I’ve never mastered the art of letting go. I’d like to say I’ve gotten better at it over the years, and in some aspects I have, but it’s still hard. I am one who likes to hold on until the bitter end, even when things CLEARLY are over. I could say that I don’t know where that comes from, but that would be a lie. I believe it stems from my childhood.
Now, I am not going to go into some blaming session toward my parents. They are good and decent people. Did they make mistakes? Yes, but we all do. Did they purposely cause lasting trauma in our lives? Absolutely not. Did their decisions have a lasting effect regardless? Yes, some of them did. I have a good relationship with both parents today. That took work and lots of forgiveness (and still takes work and forgiveness) but I am thankful for what we do have.
My parents divorced when I was almost a teenager. To say it was traumatizing would be an understatement. It has caused some issues. All of the talk in recent years about having “daddy issues” has become a joke of sorts, but, it does not lessen the truth of it. I think lots of people have “parental issues” that still affect them today.
Back to my story. I won’t go into explicit detail, but, I will say that I was daddy’s girl. When my parents divorced and my dad immediately married another woman, I was left crushed, devastated, confused and very, very hurt. In my mind, he abandoned us. He abandoned me. I was left feeling (as most kids do) that somehow part of this was my fault and if daddy really loved me then how could he leave? Fast forward to my teen years and seeking love in boys who didn’t know the meaning of the word. Fast forward to college years and picking guys who were slime balls (not all were, but most were). Fast forward to trying to get my life right with God and marrying a guy who used to be a huge player, but, told me he was changing his life around and getting right with God. He wasn’t. He didn’t. The marriage was a long-lasting fiasco and complete “hot mess”. The best thing to come out of that union were my kids. Fast forward to my divorce. It caused within me such devastation that took me years to get over. Fast forward to me dabbling in relationships post-divorce. The incidences were few and far between but I will say that I did experience deep, deep heartbreak again. I also experienced going out with men who would consistently disappoint or hurt me. Ultimately, nothing has worked out so far. But, I still have hope in spite of it all.
How does this all relate to daddy issues? Answer: the abandonment. I felt my father had abandoned me and I spent an entire marriage trying to “fix” that abandonment by marrying someone similar to my dad in some major ways, but, that someone also treated me badly. You see, I was trying to stay married to someone who was unavailable to me. Someone who would leave. Someone who was not a good person. Why? 3 Reasons: (1) By staying in the marriage I was subconsciously trying to fix my parents’ marriage. If I could stay married, I’d somehow “win” by avoiding divorce. (2) I didn’t want to somehow disappoint God by getting a divorce. (3) Because subconsciously I felt a I didn’t deserve any better. Deep down, I felt like something was wrong with me because the person I had loved with all my heart in my early years, (my dad) had left me. If I wasn’t somehow “good enough” for my dad to stick around for our family, then, I must not be worthy of love or good treatment. I couldn’t have rationalized that at the time. I was in the thick of it and often when you’re in the middle of an unhealthy situation, you’re not able to see how bad it was until AFTER you’re free from it. And because I’d been unconsciously operating this way for so long, I didn’t know any better. Therefore the unhealthy pattern was strung through my post-divorce relationships (or attempts at relationships) as well. It took some counseling to realize it. I began to see that I always chose someone (whether a good person or not) who was not fully available to me (whether physically or emotionally or both) and of course the relationships or dating situations ultimately never worked out.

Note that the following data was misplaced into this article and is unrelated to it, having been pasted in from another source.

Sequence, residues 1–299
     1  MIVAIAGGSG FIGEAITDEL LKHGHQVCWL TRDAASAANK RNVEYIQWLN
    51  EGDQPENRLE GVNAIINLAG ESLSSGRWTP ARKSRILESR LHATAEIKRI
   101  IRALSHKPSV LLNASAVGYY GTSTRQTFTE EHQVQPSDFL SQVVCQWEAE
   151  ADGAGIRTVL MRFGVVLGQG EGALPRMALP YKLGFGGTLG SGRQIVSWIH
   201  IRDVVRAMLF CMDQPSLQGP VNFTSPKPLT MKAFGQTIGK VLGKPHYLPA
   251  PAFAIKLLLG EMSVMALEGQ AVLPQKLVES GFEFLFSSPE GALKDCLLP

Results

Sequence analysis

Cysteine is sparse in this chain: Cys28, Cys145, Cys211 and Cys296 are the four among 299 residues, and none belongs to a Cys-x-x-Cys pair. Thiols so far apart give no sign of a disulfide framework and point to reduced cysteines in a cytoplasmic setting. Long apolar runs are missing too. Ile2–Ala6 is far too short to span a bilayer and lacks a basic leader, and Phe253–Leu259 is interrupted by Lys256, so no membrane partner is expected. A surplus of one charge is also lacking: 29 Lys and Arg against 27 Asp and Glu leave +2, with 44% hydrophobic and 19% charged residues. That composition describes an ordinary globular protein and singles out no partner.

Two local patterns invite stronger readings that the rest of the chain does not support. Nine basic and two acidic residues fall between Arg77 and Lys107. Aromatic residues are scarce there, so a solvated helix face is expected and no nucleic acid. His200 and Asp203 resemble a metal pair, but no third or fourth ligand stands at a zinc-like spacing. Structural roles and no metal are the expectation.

What can be done to change the cycle? First, be AWARE of the cycle. Second, when you realize you are going down the same path, catch yourself earlier and earlier so that you can “let go” and proceed in a different direction. It is actually going to take work. You will not be perfect at it. But, you will begin to see that harmful pattern sooner and sooner, so that you can stop yourself from going down that old road. The other part is realizing that you deserve GOOD. You deserve a healthy relationship with someone who IS emotionally and physically available. Someone who will treat you well. Someone, who, although not perfect, is balanced and emotionally healthy and will invest in the relationship WITH you.
What if you feel that you cannot navigate this on your own? You may want to go to a licensed professional counselor who can help walk through this process to find healing and make healthier choices. There is no shame in it. I realize there is still a stigma around going to counseling or therapy, but, think of it this way… If you are injured physically in some way, you go to see a physical therapist. If you are injured emotionally, you should see an emotional therapist. We are multidimensional human beings and therefore must care for ALL parts of ourselves. You’re worth it.
Hope this has helped someone.
~ Kay Dee © 2018 “The Art of Letting Go”